Address to Venezuela’s National Assembly in Honor of Dr. Martin Luther King

Let me express my sincere thanks to President Hugo Chavez, democratically elected leader of Venezuela, whose vision of inclusion and commitment to lifting the poor addresses the moral imperative of our time. I want to thank the religious leaders who likewise extended the invitation and met us so graciously at the airport last night.

I want to thank the members of the National Assembly for inviting me to this special session, and the government ministers.

And to the religious leaders and representatives of the Afro Venezuelan community with whom we share so much as people of African descent in the Western Hemisphere.

It is good to be in the land of Simon Bolivar, one of the great liberators of this hemisphere. He was presented with a gift – a portrait of George Washington – from General Lafayette, as an expression of the long standing US-Venezuelan/South American ties.

The roots of the revolution, led by Bolivar, were rooted hunger and poverty. The great battleground for the defense and expansion of freedom today, in the whole southern half of the globe, is that of the rising peoples’ seeking an end to tyranny and justice, exploitation, more than an end they seek a new beginning.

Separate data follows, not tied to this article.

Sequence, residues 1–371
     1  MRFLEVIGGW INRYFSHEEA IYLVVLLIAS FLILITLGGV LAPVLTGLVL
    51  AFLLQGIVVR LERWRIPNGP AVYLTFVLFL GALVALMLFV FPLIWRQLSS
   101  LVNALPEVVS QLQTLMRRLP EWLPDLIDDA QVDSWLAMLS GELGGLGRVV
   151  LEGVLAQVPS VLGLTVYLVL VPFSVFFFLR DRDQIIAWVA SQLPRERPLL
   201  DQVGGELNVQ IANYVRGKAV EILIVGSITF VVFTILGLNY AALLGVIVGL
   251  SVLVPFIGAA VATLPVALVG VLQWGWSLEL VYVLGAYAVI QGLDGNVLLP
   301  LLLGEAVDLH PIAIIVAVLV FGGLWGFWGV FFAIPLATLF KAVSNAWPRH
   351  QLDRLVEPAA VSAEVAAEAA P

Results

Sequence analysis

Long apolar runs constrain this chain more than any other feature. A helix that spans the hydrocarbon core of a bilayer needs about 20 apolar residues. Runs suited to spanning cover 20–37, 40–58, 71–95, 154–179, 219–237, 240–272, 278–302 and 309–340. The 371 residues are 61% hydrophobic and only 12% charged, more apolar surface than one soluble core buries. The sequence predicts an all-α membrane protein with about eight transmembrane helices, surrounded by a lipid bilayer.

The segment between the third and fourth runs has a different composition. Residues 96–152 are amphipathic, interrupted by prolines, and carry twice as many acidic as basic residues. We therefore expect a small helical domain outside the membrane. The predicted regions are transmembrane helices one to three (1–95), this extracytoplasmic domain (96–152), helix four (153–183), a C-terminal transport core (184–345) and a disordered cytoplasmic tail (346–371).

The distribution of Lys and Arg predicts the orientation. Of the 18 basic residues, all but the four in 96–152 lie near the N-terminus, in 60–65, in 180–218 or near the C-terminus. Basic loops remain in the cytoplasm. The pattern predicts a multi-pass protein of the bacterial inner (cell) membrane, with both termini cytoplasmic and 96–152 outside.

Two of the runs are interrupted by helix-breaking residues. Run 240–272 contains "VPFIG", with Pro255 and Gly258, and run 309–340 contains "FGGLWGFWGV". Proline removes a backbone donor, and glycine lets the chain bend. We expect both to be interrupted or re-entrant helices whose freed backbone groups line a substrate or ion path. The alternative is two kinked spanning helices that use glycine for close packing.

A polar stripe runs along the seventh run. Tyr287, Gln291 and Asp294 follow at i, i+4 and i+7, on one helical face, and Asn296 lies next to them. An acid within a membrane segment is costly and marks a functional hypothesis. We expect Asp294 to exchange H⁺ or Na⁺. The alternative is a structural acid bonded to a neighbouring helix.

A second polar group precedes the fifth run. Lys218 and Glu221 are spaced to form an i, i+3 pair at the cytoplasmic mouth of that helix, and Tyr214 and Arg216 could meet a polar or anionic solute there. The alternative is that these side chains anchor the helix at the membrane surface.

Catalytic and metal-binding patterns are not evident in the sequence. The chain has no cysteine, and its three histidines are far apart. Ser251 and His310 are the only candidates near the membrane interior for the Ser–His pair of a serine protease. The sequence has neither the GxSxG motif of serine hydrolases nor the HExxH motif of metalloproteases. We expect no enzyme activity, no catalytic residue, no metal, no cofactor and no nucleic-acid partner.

Today the widow of Dr. Martin Luther King, Jr, Coretta Scott King is in the hospital in Atlanta, Georgia. She suffered a mild heart attack and stroke last week. For all that she stands for, let us pray for her recovery. Let us stand together for a moment, and bow our heads in silent prayer.

This is a critical moment in the history of our hemisphere. North America and its relationship with its neighbors, nations emerging from the shackles of centuries of exploitation and tyranny.

Let me hasten to congratulate you on your Commission on the Prevention and Elimination of Racial Discrimination. In South Africa, under Nelson Mandela, they set up a Commission on Truth and Reconciliation. In America, former President Clinton set up a commission on race. All of these efforts, facing the pain of racial and religious scars, seeking reconciliation, have value.

Your focus on foreign debt, debt relief, free-trade and fair trade to overcome years of structural disorder, unnecessary military spending, land reform…these are some of the great themes of our time. They can change our world condition.

This date has particular meaning for us as I seek to share some of Dr. Martin Luther King, Jr’s world view, and hopefully its avocation, can be of value to you, as you assume your position in the world’s leadership and your rightful place in the family of nations.